ON Dec 1, 2018, The New York Times published a story, titled A Generation of Widows, Raising Children Who Will Be Forged by Loss, by Mujib Mashal and Fatima Faizi. It is about two young women who were widowed in the relentless, merciless war in Afghanistan.
The story sent me into a spin of depressive thoughts all evening. Despite my claim of stoicism, I must confess, a gush of silent tears sprang in my eyes, and I gnashed my teeth thinking of the ghastly figures of those who started this war, and who continue to prolong it, for avowed public motives and unexpressed private ones. Knowing history, the story did not offer any new revelations, but a reminder of ongoing tragedies will sometimes reignite a storm of anger at the merchants of war, local or foreign.
Mashal Kakar lost her husband, Sabawoon, a journalist, in a bombing in Kabul in April this year. She was eight-months pregnant at the time. Eight of his peers were also killed in the attack. His toddler son, Benyamin, still asks his mother when his father will come home. “How do you explain a death to a three-year-old? Mrs Kakar, her baby, Sarfarz, in her arms, tries to distract him with toys. But when Benyamin keeps crying, she takes him to the balcony and points to the brightest star shining through Kabul’s polluted sky. ‘Aba is there,’ she says.”
Rahila Shams also lost her husband in April. A district governor, Ali Dost Shams was killed in a Taliban raid. At the time, this 22-year-old widow was six-months pregnant with her second daughter. “When her daughter was born, the family named her Shamsia, after the father she will never meet. ‘I lost my love, my friend and the father of my two daughters. Everyone says “stay strong,” but no one says how,’ she said.”
An entire generation has been lost in the war in Afghanistan.
It was in the hours after Rahila gave birth to Shamsia that she broke down. “‘I was in pain, but the loneliness of it was much stronger,’ she said. ‘I cried a lot — for being a woman, for being a widow at 22, for being a mother of two girls. I thought about the future, about Shams, about loneliness.’ … ‘I just want to leave this country and go somewhere peaceful. Somewhere where no one is killed and no one loses their life.’”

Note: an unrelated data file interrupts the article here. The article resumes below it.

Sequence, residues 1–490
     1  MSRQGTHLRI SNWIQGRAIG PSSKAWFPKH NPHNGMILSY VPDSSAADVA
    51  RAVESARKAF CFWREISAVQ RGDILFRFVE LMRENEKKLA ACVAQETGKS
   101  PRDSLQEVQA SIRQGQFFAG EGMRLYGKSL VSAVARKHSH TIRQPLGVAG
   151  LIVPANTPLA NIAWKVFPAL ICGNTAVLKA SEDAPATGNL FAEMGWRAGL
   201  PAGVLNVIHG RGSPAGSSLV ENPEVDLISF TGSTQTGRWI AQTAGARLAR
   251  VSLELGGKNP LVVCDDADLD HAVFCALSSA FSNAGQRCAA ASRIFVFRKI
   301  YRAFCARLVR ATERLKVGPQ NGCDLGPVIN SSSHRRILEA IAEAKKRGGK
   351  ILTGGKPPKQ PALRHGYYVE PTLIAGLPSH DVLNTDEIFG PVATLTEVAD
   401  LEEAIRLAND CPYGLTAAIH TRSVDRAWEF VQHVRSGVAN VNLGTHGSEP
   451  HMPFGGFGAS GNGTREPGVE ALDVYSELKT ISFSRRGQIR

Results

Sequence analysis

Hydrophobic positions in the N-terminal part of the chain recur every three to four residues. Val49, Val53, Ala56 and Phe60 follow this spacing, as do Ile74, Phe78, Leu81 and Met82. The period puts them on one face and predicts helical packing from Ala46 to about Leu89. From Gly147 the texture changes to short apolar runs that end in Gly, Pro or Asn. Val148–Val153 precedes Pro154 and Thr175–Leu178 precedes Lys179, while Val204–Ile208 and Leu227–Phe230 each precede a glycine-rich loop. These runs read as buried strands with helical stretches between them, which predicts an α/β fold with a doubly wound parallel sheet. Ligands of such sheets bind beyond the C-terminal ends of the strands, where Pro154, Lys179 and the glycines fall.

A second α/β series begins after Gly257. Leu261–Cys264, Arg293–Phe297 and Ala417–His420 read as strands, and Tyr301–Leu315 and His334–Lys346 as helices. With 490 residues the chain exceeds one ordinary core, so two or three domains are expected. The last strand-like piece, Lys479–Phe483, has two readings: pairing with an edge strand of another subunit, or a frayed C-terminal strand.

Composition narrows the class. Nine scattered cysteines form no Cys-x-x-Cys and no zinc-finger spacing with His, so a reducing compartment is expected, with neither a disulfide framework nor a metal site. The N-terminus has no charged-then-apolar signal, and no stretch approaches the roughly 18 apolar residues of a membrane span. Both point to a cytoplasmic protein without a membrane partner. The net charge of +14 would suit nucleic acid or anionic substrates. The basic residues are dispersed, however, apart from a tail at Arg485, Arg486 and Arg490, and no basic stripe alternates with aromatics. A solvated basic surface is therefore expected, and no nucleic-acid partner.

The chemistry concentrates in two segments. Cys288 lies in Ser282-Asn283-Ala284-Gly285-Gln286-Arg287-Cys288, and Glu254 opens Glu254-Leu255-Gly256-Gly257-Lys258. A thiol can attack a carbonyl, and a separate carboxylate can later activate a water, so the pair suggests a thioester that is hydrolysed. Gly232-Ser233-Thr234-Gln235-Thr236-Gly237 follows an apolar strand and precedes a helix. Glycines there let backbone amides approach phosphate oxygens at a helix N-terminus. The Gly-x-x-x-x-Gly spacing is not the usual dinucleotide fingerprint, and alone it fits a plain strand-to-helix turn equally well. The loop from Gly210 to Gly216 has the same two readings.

The authors published the stories of Mashal and Rahila in The New York Times thinking, perhaps, that it was an influential paper, that it might sway the movers and shakers in the US out of their apathy and towards bringing the war to an end. A forlorn hope it is.
The establishment in US, or anywhere, in fact, will devote their years to the military-industrial complex, to the Pentagon and GHQs where the generals sit, plan, execute and seek glory in subduing people for the sake of the swollen egos of their presidents. They care more about capturing the resources hidden beneath the earth than of the people living on it. Every living being — man, woman, child — is, to them, merely the collateral damage of war, just like a wall of bricks destroyed by a bomb. Rahila will never find a country or a place on earth where people do not die of either war or wanton acts.
When wars are planned and then waged, the process is totally devoid of empathy, concern and sympathy for the widows, orphans, the disabled, the unarmed civilians and the injured soldiers on both sides of the conflict. The reason is simple.
The heads of states justify war in the name of their countries to make them more secure and prosperous. The generals happily go along with their plans because they seek the glory of having brought victories to their country. Historians, meanwhile, are worthy of scorn as they write about the exploits of war in glowing terms. It is the pages of their history books that such leaders seek to enter into.
Most wars have nothing to do with safety and to safeguard the interests of a country. The US would not have been less safe if it had not invaded Iraq and Afghanistan. The West would have been just as prosperous and safe if it had not conspired to interfere in Libya and Syria, bringing ruin to millions both living and killed. Had Saudi Arabia been more circumspect, the biggest famine in Yemen would not have resulted in starving babies looking more like writhing worms than human forms.
These are a few present-day examples. There is no just war, sanctified by the UN or not, except that which is fought in self-defence.
The establishment in Pakistan may be exulting in pride to hear that the war in Afghanistan cannot come to end without its help. It is a false and inhuman pride to be able to help bring a war to an early end and not do it. Sincerity of spoken words is fragrant. Lip service is foul breath.
Many tragedies can be avoided if private morality such as empathy and concern for human beings are allowed to enter into the world’s war rooms. This is perhaps too idealistic to expect, but must be repeated all the time, as it is what makes us human.
The writer is a former civil servant and former minister.
Published in Dawn, December 20th, 2018